It’s been two-and-a-half years since my last baby was born. While I didn’t put on a ton of weight during either of my two pregnancies, I did lose any recognizable tone in my mid-section. My breasts, which were already large, spent a combined total of 36 months nursing. They now feel like giant water balloons that need a crane to lift them.

I don’t always feel great about my body. Beyond being frustrated at not fitting into dresses or cringing when I see a photo of myself, I also feel less healthy. I worry that the weight in my mid-section is going to contribute to health problems, and I know it’s already contributing to my back pain.

Lately, I’ve been feeling like I really need to do something about it, but I’ve also been feeling a bit guilty for caring because I’m committed to women’s liberation and the freedom to love your body no matter what it looks like.

 

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I’m on my journey, just like many other women I know, and I’m learning to feel more confident in my body, while also focusing on finding ways to feel better about my health. Along the way, I’m finding strategies big and small to help me feel proud of who I am physically.

Educating myself about childbirth recovery

To expect my body to be the same as it was, or even better than it was, before having two children is an unreasonably high bar to set. It has helped me greatly to learn the intimate details of what happens to a woman’s body during pregnancy, childbirth, and nursing.

From the loosening of ligaments to the widening of hips to the separation of muscles, this act of childbirth is amazing and also traumatic for a woman’s body. In the short term, research has demonstrated that recovery from childbirth takes much longer than the six-week “permission to return to regular activities” mark.

In fact, a 2015 study by the University of Michigan found that childbirth can result in injuries to the pelvic floor that are as traumatic to the human body as those caused by significant athletic injuries. Researchers demonstrated that up to 15 percent of women sustain injuries that would be treated much more intensively if they were athletes. They can take eight months or longer to heal, and kegel exercises are not enough for some women.

In addition, many women are never educated about diastasis recti abdominis, a condition in which the two muscles of the belly are separated from each other. A 2016 study showed that this condition is still present in more than 30 percent of women up to 12 months after pregnancy.

Knowing these facts made me feel much better about the limitations of my body – about how I still have pain that hasn’t been addressed and prevents me from being as active as I’d like to be.

Seeking support

Learning to be more educated and candid about the impacts of pregnancy and childbirth on my body has helped me seek out medical help and coaching that I otherwise would not have learned about.

I started with a physical therapist, who helped me to identify exercises to heal my diastasis recti (and exercises to avoid until it was healed). After seeing her, I signed up for an online program called The Mutu System (short for “mummy tummy”) that provides an educational series of exercises to continue recovery from childbirth through an online learning community.

Still feeling pain, an article about pelvic floor injury made me leap at the chance to attend a workshop at a local physical therapist’s office on pelvic floor dysfunction (thanks to Evolution Yoga for their focus on women’s health).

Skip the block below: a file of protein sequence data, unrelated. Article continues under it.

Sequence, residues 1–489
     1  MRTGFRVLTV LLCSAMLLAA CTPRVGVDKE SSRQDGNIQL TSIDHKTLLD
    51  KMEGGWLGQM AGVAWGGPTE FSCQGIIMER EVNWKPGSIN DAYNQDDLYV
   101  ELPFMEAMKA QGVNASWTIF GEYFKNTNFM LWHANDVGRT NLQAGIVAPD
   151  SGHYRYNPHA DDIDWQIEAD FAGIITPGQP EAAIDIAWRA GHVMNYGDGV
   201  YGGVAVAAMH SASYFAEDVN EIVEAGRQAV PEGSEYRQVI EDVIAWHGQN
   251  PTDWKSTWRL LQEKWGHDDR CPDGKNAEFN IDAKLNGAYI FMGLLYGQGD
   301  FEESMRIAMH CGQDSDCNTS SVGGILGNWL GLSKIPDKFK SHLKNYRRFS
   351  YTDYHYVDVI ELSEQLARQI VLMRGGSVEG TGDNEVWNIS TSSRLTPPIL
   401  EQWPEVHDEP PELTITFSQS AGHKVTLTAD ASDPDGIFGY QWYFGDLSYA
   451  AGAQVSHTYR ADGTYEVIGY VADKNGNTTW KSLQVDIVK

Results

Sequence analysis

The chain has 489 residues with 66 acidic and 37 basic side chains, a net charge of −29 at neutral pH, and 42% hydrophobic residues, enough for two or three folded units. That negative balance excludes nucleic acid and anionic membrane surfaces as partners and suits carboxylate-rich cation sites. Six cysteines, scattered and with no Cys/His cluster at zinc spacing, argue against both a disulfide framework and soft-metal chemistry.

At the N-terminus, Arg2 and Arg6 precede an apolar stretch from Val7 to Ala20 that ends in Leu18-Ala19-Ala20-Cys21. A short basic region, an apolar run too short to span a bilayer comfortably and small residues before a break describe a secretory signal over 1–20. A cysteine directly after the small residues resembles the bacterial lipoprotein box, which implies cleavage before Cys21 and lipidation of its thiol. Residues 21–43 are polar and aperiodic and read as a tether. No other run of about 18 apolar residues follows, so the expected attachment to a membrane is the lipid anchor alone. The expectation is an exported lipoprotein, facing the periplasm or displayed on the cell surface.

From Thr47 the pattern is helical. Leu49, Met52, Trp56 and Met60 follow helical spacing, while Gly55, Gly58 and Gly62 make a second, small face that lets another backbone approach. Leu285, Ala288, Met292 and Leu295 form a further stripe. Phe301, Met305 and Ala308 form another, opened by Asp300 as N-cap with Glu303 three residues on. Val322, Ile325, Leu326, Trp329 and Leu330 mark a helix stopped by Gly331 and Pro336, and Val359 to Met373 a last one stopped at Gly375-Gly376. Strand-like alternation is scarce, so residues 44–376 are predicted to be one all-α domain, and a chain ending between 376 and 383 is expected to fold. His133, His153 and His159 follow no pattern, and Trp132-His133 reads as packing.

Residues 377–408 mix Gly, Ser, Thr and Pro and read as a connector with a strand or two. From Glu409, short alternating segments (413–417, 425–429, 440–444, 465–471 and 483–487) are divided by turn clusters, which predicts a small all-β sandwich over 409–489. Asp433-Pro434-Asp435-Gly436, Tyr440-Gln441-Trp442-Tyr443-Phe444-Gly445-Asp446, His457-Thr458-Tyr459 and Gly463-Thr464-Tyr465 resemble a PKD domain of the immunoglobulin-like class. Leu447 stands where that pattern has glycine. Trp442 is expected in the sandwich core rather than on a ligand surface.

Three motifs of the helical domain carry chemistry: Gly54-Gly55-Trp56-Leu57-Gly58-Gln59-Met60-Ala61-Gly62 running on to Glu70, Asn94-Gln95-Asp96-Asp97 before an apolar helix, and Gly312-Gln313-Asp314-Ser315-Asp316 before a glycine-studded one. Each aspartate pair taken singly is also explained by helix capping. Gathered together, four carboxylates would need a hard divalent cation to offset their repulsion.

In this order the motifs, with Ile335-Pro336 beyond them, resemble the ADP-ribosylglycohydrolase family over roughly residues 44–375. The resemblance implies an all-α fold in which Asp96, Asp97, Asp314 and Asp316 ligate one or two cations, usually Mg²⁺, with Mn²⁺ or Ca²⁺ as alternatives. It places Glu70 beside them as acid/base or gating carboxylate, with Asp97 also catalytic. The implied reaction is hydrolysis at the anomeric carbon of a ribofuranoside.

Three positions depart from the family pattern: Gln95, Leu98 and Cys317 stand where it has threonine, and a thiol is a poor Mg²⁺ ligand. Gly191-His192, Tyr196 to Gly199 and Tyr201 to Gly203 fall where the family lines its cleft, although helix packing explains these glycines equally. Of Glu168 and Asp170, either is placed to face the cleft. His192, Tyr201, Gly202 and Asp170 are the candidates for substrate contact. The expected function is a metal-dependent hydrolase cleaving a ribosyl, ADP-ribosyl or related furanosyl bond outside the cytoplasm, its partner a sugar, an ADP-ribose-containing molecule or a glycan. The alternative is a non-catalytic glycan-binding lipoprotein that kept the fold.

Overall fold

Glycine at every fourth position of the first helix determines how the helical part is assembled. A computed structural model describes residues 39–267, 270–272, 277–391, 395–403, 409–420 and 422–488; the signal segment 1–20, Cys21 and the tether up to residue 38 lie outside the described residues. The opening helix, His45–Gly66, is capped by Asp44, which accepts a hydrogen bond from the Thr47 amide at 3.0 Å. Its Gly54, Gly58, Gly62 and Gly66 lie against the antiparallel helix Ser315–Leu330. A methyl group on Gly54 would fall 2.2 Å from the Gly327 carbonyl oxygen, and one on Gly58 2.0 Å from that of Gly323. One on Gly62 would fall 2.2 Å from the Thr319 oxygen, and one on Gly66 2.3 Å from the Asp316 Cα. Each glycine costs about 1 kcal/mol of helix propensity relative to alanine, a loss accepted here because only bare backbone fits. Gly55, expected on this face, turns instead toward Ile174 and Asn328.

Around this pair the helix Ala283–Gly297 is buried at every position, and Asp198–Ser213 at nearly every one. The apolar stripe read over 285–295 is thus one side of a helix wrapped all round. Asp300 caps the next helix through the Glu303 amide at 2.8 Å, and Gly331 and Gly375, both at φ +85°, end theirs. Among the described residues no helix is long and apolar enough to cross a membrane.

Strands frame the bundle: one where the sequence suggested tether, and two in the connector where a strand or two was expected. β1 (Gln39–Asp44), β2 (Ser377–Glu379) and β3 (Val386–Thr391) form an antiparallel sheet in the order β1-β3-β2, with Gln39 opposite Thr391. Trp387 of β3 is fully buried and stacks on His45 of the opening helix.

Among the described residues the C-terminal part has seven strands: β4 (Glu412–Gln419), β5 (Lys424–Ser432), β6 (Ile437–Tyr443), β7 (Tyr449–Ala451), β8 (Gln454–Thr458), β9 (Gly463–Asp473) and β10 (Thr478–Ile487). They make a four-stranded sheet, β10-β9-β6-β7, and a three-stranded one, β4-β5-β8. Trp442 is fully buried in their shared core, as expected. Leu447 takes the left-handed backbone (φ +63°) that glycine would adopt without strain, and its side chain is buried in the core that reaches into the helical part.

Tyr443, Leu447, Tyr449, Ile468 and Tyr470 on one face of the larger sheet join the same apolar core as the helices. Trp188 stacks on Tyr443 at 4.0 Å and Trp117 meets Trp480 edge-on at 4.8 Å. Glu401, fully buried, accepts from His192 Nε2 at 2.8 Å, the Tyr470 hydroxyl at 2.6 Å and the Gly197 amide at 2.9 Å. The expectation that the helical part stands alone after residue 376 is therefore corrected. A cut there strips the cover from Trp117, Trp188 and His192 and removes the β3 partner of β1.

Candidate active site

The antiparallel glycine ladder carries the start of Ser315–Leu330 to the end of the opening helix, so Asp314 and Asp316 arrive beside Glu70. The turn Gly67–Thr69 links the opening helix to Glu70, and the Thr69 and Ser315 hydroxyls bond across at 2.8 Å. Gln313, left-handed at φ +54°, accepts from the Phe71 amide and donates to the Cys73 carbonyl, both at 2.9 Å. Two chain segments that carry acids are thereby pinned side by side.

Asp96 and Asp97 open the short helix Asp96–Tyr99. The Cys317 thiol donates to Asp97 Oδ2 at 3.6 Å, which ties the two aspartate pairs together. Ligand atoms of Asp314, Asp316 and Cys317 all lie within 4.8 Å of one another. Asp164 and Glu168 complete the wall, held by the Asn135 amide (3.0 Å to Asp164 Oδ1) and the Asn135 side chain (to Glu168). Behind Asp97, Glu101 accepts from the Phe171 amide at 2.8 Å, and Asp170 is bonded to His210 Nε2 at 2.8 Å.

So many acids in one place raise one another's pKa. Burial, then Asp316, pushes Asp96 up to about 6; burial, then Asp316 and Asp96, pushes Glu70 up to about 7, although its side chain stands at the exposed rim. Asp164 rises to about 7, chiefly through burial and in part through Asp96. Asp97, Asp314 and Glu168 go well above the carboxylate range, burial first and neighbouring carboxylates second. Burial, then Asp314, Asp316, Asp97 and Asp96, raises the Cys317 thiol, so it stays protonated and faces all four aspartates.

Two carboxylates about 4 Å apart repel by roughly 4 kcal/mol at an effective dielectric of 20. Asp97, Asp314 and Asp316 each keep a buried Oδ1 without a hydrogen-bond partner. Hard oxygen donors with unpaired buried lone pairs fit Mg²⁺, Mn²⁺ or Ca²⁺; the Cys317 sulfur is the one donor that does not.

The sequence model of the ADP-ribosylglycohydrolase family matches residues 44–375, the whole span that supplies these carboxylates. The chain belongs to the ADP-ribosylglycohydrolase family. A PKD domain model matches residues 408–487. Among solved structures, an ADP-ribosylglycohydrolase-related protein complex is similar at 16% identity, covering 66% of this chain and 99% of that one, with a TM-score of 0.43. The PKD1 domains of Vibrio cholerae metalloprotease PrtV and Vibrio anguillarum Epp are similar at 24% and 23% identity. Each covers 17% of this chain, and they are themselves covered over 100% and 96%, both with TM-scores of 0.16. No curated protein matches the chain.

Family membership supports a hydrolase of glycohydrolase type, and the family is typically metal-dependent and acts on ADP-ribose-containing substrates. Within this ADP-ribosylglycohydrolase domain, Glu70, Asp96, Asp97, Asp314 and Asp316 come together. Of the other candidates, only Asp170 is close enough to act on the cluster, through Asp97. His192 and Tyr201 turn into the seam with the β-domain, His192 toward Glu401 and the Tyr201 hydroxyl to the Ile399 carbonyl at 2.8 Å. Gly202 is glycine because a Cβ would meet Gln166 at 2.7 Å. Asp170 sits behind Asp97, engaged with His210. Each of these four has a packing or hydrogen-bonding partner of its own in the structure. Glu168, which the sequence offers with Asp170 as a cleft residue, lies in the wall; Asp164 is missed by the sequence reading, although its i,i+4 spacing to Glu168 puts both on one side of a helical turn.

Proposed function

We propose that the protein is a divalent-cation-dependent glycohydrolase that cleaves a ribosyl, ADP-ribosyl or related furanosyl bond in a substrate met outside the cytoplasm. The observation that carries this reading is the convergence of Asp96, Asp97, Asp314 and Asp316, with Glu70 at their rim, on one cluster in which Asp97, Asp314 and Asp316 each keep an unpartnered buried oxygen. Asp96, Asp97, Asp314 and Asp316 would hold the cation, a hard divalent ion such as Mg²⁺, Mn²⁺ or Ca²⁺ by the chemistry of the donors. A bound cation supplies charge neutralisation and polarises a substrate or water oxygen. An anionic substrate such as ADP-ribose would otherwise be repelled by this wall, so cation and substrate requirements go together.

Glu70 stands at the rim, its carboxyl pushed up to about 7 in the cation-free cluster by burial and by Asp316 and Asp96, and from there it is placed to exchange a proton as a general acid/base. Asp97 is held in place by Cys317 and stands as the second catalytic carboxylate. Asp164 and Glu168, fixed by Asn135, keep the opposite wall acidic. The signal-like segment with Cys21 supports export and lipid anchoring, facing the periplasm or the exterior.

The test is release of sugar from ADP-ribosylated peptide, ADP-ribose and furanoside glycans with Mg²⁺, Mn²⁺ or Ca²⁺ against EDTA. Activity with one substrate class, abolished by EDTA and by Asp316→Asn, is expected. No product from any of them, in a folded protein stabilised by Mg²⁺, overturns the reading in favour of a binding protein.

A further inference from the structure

People who do this work feel strongly that every woman who gives birth should see a physical therapist with expertise in postpartum recovery (here’s why), a practice that is glaringly absent in the United States. I learned a series of exercises that I continue to do on a daily basis which have helped me to function better and move toward integrating more movement back into my life.

Because I am an exhausted working mother, I know myself well enough to know that a little outside accountability would help, so I have contacted an integrative health coach to learn about working with her to design and stick to a more healthy routine.

Some of these options have been more expensive than others, as they were not all covered by my health insurance. But they have all contributed to giving me a greater sense of empowerment over my well-being.

Practicing mindfulness and acceptance

Mindfulness is the practice of being aware, non-judgmentally, of the present moment. Through meditation and the integration of mindfulness into daily living, one can learn to set aside the worries and pre-occupations that might threaten to take over.

One of the best concepts I have learned in my mindfulness practice is that of acceptance. Acceptance means being okay with what is happening and where you are in the present moment as well as the emotions that come with this moment. It does not mean that you have to love where you are or give up any notion of moving forward. This practice has worked so well for me that I am becoming a certified teacher.

My teacher training with the Koru Mindfulness Program uses the metaphor of a car stuck in the mud. You don’t have to like that you are stuck in the mud, but if you can accept that situation, you’ll figure out a much better way to get out of the mud than getting angry and sitting there spinning your wheels.

When I feel frustrated with my weight or my health, I remind myself of the reason why I am here: I carried two amazing kids into this world over the last seven years; I gave birth to them, which understandably caused some damage to my body; I also nourished them for 18 months each.

My body won’t recover from that overnight, and that is more than okay. I don’t have to be 100 percent happy with my body as is, but I can accept it, while understanding what it takes to heal. These are the first steps to feeling better.